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If you’re installing MySQL on macOS High Sierra, we have an updated article here.

In the past, we maintained a script for automating the installation of MySQL on macOS. Over the years, it has become difficult to ensure that the script works on all of the versions of macOS still in use, and support from MySQL for macOS is slow. As a result, we now recommend installing and maintaining MySQL using Homebrew. This allows for easy upgrades, and still includes the ability to have MySQL start on boot. Homebrew is a third party package manager, similar to yum or apt if you’re familiar with Linux package managers. It provides an easy way to install third party software and a way to keep that software up to date.

Before we begin, there are a few prerequisites:

  • Xcode must be installed. It can be installed from the App Store here.
  • MySQL should not already be installed on your system. If you have installed or attempted to install it before, you will need to make sure MySQL is completely removed along with all of its files and directories.

Let’s get started – the first thing you need to do is open up a terminal window and make sure you’ve accepted the Xcode license agreement by issuing this command:

sudo xcodebuild -license

You will have to press space a bunch of times to scroll to the bottom of the agreement and then type ‘agree’ if you agree to the terms.

Next, we’re going to install Homebrew (this command is all one line):

/usr/bin/ruby -e "$(curl -fsSL https://raw.githubusercontent.com/Homebrew/install/master/install)"

The installer will give you a list of things it’s going to do, just press enter and Homebrew will be installed.

Now that you have Homebrew installed, you can type check to see if there are any recommendations for your setup:

brew doctor

For example, you may have an outdated version of Xcode, in which case you may want to upgrade that:

$ brew doctor
Please note that these warnings are just used to help the Homebrew maintainers
with debugging if you file an issue. If everything you use Homebrew for is
working fine: please don't worry and just ignore them. Thanks!

Warning: Your Xcode (8.0) is outdated.
Please update to Xcode 8.1 (or delete it).
Xcode can be updated from the App Store.

Moving on, it’s time to install MySQL. As of the writing of this post, the latest version of MySQL available through Homebrew is MySQL 5.7.16 8.0.12. To install it:

brew install mysql

Once the installation completes, we’ll want to take care of a few more things. First, let’s tell it to start automatically whenever we reboot the system:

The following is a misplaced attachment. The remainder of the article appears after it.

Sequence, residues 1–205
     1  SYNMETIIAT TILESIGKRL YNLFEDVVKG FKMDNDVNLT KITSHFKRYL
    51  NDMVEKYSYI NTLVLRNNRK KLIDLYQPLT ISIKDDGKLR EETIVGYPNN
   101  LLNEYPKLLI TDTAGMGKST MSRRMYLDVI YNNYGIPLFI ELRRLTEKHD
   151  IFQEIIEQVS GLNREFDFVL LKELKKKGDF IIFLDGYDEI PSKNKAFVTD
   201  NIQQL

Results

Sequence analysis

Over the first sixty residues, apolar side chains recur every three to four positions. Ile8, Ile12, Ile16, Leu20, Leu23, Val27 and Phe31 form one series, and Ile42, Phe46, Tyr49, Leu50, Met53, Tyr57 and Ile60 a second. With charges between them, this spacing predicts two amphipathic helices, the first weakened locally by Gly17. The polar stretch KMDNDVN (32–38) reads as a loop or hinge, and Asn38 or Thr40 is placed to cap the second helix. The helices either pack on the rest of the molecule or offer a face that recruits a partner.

brew services start mysql

By default, MySQL is installed without a root password. This is considered insecure, so let’s get one set:

  • Validate Password Plugin – you can have MySQL enforce strong passwords by enabling this, but it is optional
  • Remove anonymous users – we recommend doing this
  • Disallow root login remotely – we recommend doing this as well – if you need to access your databases remotely, this should be done with a specific user with rights to that database
  • Remove test database and access to it – we recommend this
  • Reload privilege tables now – choose yes

Once we’ve finished this up, MySQL is running on our system. Now we can test it:

mysql -uroot -p
Enter password:
Welcome to the MySQL monitor. Commands end with ; or \g.
Your MySQL connection id is 6
Server version: 5.7.16 Homebrew

Copyright (c) 2000, 2016, Oracle and/or its affiliates. All rights reserved.

Oracle is a registered trademark of Oracle Corporation and/or its
affiliates. Other names may be trademarks of their respective

Type 'help;' or '\h' for help. Type '\c' to clear the current input statement.


You can now manage MySQL databases and users via the command line, or we recommend Sequel Pro for a graphical interface.

To update Homebrew and MySQL in the future, use the following commands:

brew update
brew upgrade

If you run into any issues, feel free to open a support ticket and we’ll be happy to help troubleshoot.

Update Aug 28, 2018: Homebrew is now installing MySQL 8 by default. When this article was originally written, MySQL 5.7 was the default. While backwards compatibility is usually maintained, some changes in new versions of MySQL can cause badly written PHP scripts to perform differently. Review the notable changes in MySQL 8 here.